Prospective Game of the Year 2020
Prospective Online's First Annual Game of the Year Ranking
December 15, 2020
The students of Bryant High School, like students across the nation, have relied on video games to help them through the pandemic, giving them safe entertainment from the comfort of their own homes. Because games have played such a key role in the lives of students this year, the Prospective staff has decided to pay homage to how each of these games has given us something to look forward to.
Honorable Mention: “Spider-Man: Miles Morales”
Originally, murmurs around the game that is now “Spider-Man: Miles Morales” were that the developers of the smash hit “Spiderman” on the Playstation 4 were developing a new DLC involving Miles Morales, the friend of Peter Parker who got spider powers in the first game. When it was first announced, though, it was as a game. Despite that, it still feels like a DLC add-on to the original. It improves in several ways, mainly improving upon the swinging and style of Miles. That is certainly one thing to appreciate about this game: Miles Morales is his own character, not just a re-skin of Peter Parker. Beyond just the gameplay, though, the world is tiny. Compared to the first game’s vast New York that felt alive, this New York is relatively peaceful. The majority of missions involve swinging around a building, webbing a pipe shut, then finding another pipe to web shut. And on top of that, the story is underdeveloped, with cardboard characters that don’t stick around long enough to develop anything more than a few passing personality traits. There is also the issue of price. This game is not worth the $50 that is charged, and there are several more options on this list that will get you more bang for your buck. Still, though, it remains a fun game that certainly will help you become Spider-Man and make you feel cool while doing it.
- “Final Fantasy VII Remake”
This game, a remake of the classic Square Enix masterpiece, was, in a word, different. The combat is different, the story is different, the world is different, and for better or worse, the quality is different from the original. Many of these changes, like the changes to the world, the combat, and the graphics, greatly improved on some weak points of the original, showing a fully realized Midgar that the original couldn’t exhibit because of the technological limitations at the time. The story, however, taints the legacy of the original’s amazing storytelling by using key twists from the original as cheap attention-grabbers. If you do want to play this, and you still certainly should, just be sure to play the original first.
- “The Last of Us, Part II”
“The Last of Us, Part II” is a fun, intriguing game that relies too heavily on its story, which falls apart once scrutinized beyond surface level. It, much like the Final Fantasy VII Remake, has a bad habit of using key emotional moments and characters from the previous game as an easy story tool, somewhat cheapening them in the process. This game is also the perfect example of Ludo-Narrative dissonance, or where the game’s theme tells the player something that is completely contradicted by the gameplay. While the theme is one of mercy and forgiveness, you spend the entire game killing innocent people, sending mixed messages to the player. Overall, though, the game is a solid piece of art that realistically continues the world of the first game.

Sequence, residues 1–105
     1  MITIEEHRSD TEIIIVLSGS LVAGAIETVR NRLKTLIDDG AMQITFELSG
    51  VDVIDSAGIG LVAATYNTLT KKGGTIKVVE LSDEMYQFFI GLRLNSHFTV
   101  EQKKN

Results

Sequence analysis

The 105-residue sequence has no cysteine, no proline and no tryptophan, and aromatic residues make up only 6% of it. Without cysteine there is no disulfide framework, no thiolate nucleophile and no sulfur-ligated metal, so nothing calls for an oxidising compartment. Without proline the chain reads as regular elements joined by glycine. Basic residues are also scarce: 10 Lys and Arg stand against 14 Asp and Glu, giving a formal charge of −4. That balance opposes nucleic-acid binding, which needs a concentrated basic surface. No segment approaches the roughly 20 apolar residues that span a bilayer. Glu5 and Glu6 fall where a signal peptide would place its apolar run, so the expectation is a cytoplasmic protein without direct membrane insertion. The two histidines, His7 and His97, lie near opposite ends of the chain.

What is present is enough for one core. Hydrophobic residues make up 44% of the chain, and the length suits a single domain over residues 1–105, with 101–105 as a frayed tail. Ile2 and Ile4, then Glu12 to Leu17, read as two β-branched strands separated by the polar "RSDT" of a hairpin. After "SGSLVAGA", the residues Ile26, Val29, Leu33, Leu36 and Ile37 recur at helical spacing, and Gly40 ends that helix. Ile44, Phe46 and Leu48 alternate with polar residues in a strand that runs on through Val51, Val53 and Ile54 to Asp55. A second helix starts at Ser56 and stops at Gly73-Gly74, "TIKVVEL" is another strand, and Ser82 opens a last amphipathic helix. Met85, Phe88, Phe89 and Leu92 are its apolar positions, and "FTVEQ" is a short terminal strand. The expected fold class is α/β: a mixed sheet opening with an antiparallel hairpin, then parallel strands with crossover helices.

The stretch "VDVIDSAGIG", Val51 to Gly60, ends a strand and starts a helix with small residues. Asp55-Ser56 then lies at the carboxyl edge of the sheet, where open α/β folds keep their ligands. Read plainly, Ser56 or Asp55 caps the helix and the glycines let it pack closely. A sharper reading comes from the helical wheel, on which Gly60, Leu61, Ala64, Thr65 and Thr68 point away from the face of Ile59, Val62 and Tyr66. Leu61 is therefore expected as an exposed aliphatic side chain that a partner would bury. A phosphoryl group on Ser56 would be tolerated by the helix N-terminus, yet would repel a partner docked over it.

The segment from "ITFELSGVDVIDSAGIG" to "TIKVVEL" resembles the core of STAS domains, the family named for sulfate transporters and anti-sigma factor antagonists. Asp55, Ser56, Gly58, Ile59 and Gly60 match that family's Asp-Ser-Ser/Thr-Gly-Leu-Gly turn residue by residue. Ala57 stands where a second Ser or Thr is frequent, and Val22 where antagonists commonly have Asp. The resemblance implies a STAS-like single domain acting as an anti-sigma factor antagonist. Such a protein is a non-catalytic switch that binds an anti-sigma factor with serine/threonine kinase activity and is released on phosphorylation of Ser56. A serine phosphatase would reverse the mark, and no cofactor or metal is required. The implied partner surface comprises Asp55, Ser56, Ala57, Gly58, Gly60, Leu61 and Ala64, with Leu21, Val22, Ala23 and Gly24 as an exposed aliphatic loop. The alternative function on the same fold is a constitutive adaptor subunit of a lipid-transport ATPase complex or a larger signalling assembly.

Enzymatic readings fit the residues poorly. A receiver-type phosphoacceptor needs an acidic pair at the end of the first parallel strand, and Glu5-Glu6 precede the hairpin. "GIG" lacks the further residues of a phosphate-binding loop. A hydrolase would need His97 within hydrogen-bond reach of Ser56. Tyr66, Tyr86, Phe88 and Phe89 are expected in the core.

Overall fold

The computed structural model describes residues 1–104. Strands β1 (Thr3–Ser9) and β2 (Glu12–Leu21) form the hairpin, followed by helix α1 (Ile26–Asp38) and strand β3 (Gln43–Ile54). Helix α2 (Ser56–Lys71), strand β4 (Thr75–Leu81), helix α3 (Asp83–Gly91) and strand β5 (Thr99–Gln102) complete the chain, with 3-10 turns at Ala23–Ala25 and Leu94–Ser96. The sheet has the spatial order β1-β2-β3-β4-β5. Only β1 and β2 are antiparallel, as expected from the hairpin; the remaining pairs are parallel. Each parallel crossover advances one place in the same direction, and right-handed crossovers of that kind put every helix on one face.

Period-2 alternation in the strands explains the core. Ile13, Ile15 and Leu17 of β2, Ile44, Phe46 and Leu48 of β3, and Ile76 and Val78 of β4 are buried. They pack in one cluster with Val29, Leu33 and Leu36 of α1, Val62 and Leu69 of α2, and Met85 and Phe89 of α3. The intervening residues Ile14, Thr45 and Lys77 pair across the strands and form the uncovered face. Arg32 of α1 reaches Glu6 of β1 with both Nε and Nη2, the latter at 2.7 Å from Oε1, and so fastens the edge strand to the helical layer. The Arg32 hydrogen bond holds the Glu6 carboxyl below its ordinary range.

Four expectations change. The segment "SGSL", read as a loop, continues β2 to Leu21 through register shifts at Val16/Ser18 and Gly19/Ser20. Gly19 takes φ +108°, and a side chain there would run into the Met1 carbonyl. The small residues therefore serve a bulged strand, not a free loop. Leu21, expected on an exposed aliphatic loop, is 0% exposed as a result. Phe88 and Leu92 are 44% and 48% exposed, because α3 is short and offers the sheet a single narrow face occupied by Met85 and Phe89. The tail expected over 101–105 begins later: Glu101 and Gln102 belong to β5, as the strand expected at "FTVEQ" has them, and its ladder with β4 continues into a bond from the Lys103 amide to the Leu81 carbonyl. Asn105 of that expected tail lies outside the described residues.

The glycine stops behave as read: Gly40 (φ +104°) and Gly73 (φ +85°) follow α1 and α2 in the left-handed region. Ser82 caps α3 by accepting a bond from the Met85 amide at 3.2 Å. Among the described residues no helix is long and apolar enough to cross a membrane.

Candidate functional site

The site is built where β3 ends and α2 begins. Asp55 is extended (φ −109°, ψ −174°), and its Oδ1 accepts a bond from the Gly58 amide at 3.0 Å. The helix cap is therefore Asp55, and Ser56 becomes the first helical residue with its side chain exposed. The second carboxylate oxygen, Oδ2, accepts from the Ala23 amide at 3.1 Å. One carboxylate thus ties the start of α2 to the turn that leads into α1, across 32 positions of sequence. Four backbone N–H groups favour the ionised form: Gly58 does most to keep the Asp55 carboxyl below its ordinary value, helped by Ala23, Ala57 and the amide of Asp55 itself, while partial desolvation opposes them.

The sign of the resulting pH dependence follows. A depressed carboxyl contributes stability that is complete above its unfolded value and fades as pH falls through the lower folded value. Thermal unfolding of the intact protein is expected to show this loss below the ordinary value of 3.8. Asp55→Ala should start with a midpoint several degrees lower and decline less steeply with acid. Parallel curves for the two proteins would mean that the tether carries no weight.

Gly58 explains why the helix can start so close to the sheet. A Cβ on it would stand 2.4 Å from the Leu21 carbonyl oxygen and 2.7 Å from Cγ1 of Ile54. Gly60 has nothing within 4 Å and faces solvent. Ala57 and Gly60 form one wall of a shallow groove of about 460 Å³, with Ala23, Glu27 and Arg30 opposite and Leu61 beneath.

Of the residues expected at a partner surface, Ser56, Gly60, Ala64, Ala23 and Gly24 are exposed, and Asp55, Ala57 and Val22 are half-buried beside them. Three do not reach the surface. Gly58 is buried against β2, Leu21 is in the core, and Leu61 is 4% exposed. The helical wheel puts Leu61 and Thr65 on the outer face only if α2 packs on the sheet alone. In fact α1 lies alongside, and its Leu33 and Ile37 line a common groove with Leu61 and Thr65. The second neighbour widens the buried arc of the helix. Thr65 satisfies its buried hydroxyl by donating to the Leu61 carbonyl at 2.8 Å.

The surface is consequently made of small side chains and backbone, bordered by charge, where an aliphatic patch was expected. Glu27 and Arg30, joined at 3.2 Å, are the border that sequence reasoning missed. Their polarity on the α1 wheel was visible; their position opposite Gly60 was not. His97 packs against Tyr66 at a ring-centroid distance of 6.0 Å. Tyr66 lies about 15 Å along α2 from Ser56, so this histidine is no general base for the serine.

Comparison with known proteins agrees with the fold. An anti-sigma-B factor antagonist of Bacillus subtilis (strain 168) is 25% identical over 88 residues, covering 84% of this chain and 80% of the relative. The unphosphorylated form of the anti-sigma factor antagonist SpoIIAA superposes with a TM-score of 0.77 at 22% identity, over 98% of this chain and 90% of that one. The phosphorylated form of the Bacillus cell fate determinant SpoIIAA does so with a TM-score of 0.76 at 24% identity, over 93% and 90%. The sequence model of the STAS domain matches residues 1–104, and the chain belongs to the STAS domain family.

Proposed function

- “Animal Crossing: New Horizons”
It would be criminal not to mention the game that probably carried the most of us through the pandemic: “Animal Crossing: New Horizons.” This game, a real-life simulator that has you exploring an island and building your home, is a perfect sampler for the rest of the series, which has been adored by more casual players. With all of the decorating and landscaping options, you can truly make the island your own. This game is a solid, fun time-waster that was released at the perfect time to give players a bit more agency in their lives.
“Hades” is a game of mythological proportions. Supergiant Games took the Greek myths we love, Hades and Persephone, Orpheus and Eurydice, Achilles and Patroclus, and gave each of them a truly inspired twist to breathe new life into the characters. Zagreus, the protagonist and the son of Hades, is trying to escape hell, and the game perfectly develops themes of family, emotional vulnerability, and home. Though the gameplay can become monotonous at points, the creative dialogue and poppy art style are more than enough to keep players engaged in Zagreus’s struggle for freedom.
- “The Ghost of Tsushima”
When SuckerPunch Studios first showcased their ambitious game “The Ghost of Tsushima,” the internet went wild with speculation. The gameplay and cinematics looked fresh and inspired, a tribute to the great Japanese filmmaker Akira Kurosawa. But the problem was, most games look much better in advertisements than they actually are. This is not a problem at all with “Ghost.” The game is beautiful, with each and every frame looking like a painting. The tools that the protagonist Jin Sakai uses are real weapons that were used in 1300s Japan. The attention to detail in every thread in every piece of armor is very clear, and the dynamic recreation of the islands of Tsushima perfectly feature a pristine landscape stained with blood. The game’s story, though predictable at times, tells a tale of family and honor, and asks which is more important: the ideals you live by, or the practical, more effective ways of keeping the ones you love safe? With realistic, if idealized, portrayals of Samurai and Shinobi combat, the player gets to decide that for themselves. Considering its beautiful landscapes, consistently fun combat, and its compelling protagonist, there is no doubt that this game is one of (if not the very best) games of this year.